Commentary

January 24, 2014

Understanding the Importance of Spiritual Fitness

Master Sgt. Jeffrey Turk
730th Aircraft Maintenance Squadron

YOKOTA AIR BASE, Japan – From senior leadership to our newest recruits, many of our Airmen today struggle with the concept of spirituality and how it influences their thoughts and behaviors.

For many, the word spirituality is merely a synonym for religion or a metaphysical conception that has no real bearing on their lives. However, as the Air Force has chosen to include spirituality as one of the four pillars in the Comprehensive Airman Fitness Model, perhaps a closer look is warranted.

Before continuing, it is important to note that while religion is a practice, spirituality is a concept. That is to say, while spirituality incorporates religion, it is not defined by it. Thereby while one person may have a religious faith that facilitates the existence of an all-knowing God who is ultimately in control, another may view life from the perspective that there is no omnipotent force and it is up to us to make sense of the chaotic nature of the universe. Either way, both individuals still have spirituality in their lives and are empowered by their beliefs.

As you are reading this, you may be asking what spirituality really is. One definition Merriam-Webster provides is, “the quality or state of being spiritual” further defining spiritual as, “of or relating to a person’s spirit.” Taking this into account, by definition spirituality is an intangible and subjective concept that is open to individual interpretation. However, while the term may mean different things to different people, everyone’s spirituality is comprised of some common core elements.

Our spirituality includes our sense of purpose and meaning; it is what drives us through adversities. It incorporates our beliefs, principles, and values that ultimately guide our thought processes and how we conduct ourselves. In reality, our spirituality is the driving force behind what we think and do; just often we are unaware of its presence. When we take all of this into consideration and honestly consider what spirituality means to us, we can reap some very real and tangible benefits.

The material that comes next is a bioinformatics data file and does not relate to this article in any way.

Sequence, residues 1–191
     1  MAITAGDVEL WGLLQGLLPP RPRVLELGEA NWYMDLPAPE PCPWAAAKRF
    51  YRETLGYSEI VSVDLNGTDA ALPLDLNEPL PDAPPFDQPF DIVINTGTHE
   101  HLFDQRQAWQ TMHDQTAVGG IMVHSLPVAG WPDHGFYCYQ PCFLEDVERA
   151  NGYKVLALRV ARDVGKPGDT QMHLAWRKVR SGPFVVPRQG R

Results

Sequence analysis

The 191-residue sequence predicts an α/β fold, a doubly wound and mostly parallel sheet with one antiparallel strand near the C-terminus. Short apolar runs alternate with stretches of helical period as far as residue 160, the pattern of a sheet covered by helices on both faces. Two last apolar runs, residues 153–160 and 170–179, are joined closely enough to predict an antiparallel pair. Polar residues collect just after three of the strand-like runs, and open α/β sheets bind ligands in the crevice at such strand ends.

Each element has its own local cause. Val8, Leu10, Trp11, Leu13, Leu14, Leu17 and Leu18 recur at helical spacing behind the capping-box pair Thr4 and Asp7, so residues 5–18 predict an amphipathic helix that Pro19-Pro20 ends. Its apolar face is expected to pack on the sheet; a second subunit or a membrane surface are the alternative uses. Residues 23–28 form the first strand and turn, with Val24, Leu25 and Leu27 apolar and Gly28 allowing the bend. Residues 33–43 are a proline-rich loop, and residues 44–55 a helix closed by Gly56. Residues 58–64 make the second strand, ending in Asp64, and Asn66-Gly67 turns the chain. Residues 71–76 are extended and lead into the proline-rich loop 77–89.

Being more in touch with our spirituality empowers us to face and overcome challenges. By realizing what it is that we really believe in, whether it be God and/or our friendships, or whatever it is that motivates us to face another day, we gain a strength that we can draw from when times get tough. Additionally, by taking a mature, hands-on approach to spirituality, we better appreciate what inspires us and seek more opportunities to cultivate what makes us feel good.

For example, take a couple of minutes and write out a list of what you consider to be special to you, the things and ideas that make you feel worthwhile and good about yourself. You list might include your family, your faith, even your love of barbecues with good friends. Now take a moment and reviewing what you have listed. By appreciating the concepts that really motivate us, we tend to look for more ways to incorporate them into our life. When we talk about spiritual fitness, these are the elements that not only enhance our individual spirits, they also better equip us to deal with stress, help us to relax, and raise the esprit de corps within our respective units.